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Ball Nose End Mill / 10V Bearings Question

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Dr_GMJN13/05/2020 23:14:26
231 forum posts

I just started building the Stuart 10V, and I bought a 7/16" (0.4375" Ball Nose end mill, with the intention of using it to make the 7/16" wide slots for the main bearings, as specified on the drawing. The brass casting supplied is actually a bit smaller than 7/16", at 0.4285" wide. The cutter itself measures approx. 0.4350" according to my verniers, and made the same width slot in some aluminium I used as a test:



However, it appears that the radus of the ball end of the cutter is not tangential to the flanks:



It's quite prononced. I cut the test slot to the correct depth, and this is the fit I get with the brass:



Although it's not necessary for a perfect fit, I Think I could have done significantly better with a file.

Apart from "so use a file" - any comments on the best way of doing this? I'd like to use the mill seeing as I've got it, and assumed a 7/16" Ball Nose cutter would have at least given me the right shape.

Second question on the bearings: my plan is to machine them from the brass casting in the lathe, drill out until I can use a reamer, then fit them to the sole plate, aligning them with a suitable dowel (maybe the appropriate drill bit). Then mount on an angle plate on the mill, align with the drill again, and ream them both at the same time. Is this a sound method?

Thanks!

Paul Lousick14/05/2020 00:31:25
1408 forum posts
540 photos

Bull nose cutters do not have an accurate radius as you have found. A better radius would be achieved by using the side of the cutter and machine from the side of the work. Use a cutter with a slightly smaller diameter than the slot will allow you to open it up to the correct width. (the radius would not be purfect but better that using the tip of the bullnose).

Another option is to use a cutter which is the width of the slot and cut from the side of the cutter. (the buttom of the slot will be a purfect radius) and make the bearing to suit the slot.

Paul

Edited By Paul Lousick on 14/05/2020 00:32:49

Hopper14/05/2020 00:33:38
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4530 forum posts
94 photos

Hard to tell from a photo but it does look as though you have a 7/16" diameter cutter but the radius is greater than 7/32". Maybe check with your supplier if another radius is available. Otherwise try a cutter from a different supplier. Maybe talk to Tracy Tools and ask them specifically about the radius on their ball nose cutters.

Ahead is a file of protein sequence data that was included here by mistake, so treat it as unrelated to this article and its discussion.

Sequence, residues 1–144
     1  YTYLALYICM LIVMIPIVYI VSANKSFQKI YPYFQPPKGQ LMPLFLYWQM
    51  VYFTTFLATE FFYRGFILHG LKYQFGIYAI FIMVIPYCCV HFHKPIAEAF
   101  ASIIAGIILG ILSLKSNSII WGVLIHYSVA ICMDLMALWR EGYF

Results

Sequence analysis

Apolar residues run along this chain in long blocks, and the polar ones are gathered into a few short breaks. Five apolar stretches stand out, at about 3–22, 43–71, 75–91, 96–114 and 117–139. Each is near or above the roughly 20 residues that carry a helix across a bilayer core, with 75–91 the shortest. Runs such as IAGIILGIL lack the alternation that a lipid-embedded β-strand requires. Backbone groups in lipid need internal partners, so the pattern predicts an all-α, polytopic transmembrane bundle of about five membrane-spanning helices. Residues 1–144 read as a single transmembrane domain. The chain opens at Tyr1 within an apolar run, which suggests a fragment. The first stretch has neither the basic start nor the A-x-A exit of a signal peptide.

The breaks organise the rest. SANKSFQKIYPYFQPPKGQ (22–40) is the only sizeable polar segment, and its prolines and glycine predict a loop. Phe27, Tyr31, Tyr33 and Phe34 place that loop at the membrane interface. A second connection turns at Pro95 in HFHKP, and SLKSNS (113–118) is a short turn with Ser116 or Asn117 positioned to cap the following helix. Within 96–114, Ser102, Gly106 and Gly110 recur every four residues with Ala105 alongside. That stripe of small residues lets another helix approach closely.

Your plan to line ream the two bearings after assembly seems sound to me.

John Olsen14/05/2020 02:43:06
1039 forum posts
91 photos
1 articles

Reaming the bearings as you describe will be fine. There is another approach that you can use if you ever make an engine where the bearings are spaced wider than the length of a reamer. You make a jig to fit on the faceplate or a chuck that has the seat to screw the bearing down on. Then you can bore and ream all the bearings to be identical. I did this when I had four bearings to do for a Stuart triple.

John

JasonB14/05/2020 07:20:33
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18104 forum posts
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When I built mine many moons ago I used a smaller parallel cutter to do the vertical sides which allowed the width to be fine tuned and then filed out the bottom to clear the bearing.

Looks like you have gone for the basic range from ARC on this one presumably as they don't do teh size in the Premium range that was suggested in your other thread. What type are the other cutters you said you were ordering?

If you want to mill the botttom then you could mount the casting on it's side and plunge down with that cutter.

Edited By JasonB on 14/05/2020 07:22:13

Andrew Johnston14/05/2020 07:38:01
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5499 forum posts
647 photos

Just looking at the cutter one can see that the end is not a full semi-circle. All my ballnose cutters are semi-circular as far as I can tell. I use them a lot on the CNC mill and the parts wouldn't be right if the cutter wasn't semi-circular. All my cutters are professional quality; including the Arc premium range.

The filleted profile on this part was CNC machined with an Arc premium range 5mm ballnose cutter:

spectacle1.jpg

I wouldn't have machined the slot with a ballnose cutter, but would have gone in sideways with an endmill.

Andrew

Tony Pratt 114/05/2020 08:08:30
1124 forum posts
5 photos